The year is 1982. A gap-toothed comedian named David Letterman has just been given the 12:30 a.m. slot on NBC, following Johnny Carson. As his first guest, he brings out a post-Stripes, pre-Ghostbusters Bill Murray, who proceeds to run amok and perform the song “Physical” by Olivia Newton-John, which was probably related to the thing where he brought six, half-gallon bottles of tequila to the set and spent all day getting the writers hammered. As one does.
Despite this (or possibly because of it) (OK, probably because of it), Letterman went on to have Murray back dozens of times over his 33-year late-night career, including as his first guest again when he moved to CBS. With that in mind, it only makes sense Murray will be Dave’s last official, scheduled guest tonight. (Wednesday’s swan song has no listed guests, and will instead be a surprise-filled goodbye.) A perfect ending.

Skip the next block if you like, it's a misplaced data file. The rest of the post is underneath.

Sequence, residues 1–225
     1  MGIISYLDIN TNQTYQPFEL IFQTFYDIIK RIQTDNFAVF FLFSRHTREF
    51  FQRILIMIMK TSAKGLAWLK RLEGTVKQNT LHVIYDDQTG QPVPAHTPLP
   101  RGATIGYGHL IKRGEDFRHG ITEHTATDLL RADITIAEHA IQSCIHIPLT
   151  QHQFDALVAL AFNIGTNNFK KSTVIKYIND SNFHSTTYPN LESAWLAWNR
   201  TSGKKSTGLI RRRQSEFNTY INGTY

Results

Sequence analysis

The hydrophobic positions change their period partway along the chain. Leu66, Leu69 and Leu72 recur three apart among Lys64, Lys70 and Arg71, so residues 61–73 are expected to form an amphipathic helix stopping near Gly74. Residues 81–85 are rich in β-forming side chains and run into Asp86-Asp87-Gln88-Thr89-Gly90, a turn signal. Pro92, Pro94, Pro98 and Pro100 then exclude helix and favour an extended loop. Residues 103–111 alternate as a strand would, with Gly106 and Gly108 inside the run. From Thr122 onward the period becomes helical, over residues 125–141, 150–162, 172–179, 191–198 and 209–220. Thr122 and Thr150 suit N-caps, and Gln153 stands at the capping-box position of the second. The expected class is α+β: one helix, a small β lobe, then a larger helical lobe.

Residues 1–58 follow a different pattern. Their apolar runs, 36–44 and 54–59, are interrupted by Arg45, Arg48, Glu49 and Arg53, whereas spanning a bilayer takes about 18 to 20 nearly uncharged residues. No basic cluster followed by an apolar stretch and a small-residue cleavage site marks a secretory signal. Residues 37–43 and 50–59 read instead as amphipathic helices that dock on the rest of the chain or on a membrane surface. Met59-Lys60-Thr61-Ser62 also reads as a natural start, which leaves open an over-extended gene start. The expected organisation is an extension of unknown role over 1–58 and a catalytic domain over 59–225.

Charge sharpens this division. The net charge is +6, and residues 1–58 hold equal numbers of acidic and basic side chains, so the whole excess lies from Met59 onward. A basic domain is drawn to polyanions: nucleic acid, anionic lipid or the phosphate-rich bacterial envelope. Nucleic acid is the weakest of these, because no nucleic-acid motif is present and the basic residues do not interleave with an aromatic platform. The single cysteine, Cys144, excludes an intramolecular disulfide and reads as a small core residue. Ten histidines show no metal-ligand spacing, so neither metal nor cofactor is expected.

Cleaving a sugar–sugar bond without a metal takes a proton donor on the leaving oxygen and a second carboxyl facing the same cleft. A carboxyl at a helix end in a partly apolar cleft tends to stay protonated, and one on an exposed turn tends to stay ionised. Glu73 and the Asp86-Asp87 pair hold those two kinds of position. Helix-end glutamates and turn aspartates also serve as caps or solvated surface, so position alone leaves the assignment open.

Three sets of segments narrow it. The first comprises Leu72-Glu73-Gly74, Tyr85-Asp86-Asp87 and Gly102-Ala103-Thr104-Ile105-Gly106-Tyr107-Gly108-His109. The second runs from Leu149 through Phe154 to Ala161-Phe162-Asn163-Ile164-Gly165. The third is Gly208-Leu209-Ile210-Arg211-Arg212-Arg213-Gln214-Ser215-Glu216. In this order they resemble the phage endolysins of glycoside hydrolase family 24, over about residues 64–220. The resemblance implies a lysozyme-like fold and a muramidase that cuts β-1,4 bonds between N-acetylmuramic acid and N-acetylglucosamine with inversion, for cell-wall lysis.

Time TV critic James Poniewozik has a nice write-up of their history and shared sensibilities. The whole thing is worth a read, but here’s the thing that jumps out.
But to see Murray and Letterman as mere smirkers sold them both short. Murray’s comedy had a well of emotion; Letterman’s “irony” was in fact a passionate response against phoniness. And as their careers went on, they each became that rare kind of performer: the comic who matures and learns to express a kind of wisdom without overturning the schmaltz barrel.
So before Letterman and Murray say their final on-camera goodbye after midnight tonight (although I suppose we shouldn’t rule out another pop-in tomorrow, especially knowing Bill Murray’s flair for chaos), let’s take a few minutes and watch them play some of their greatest hits.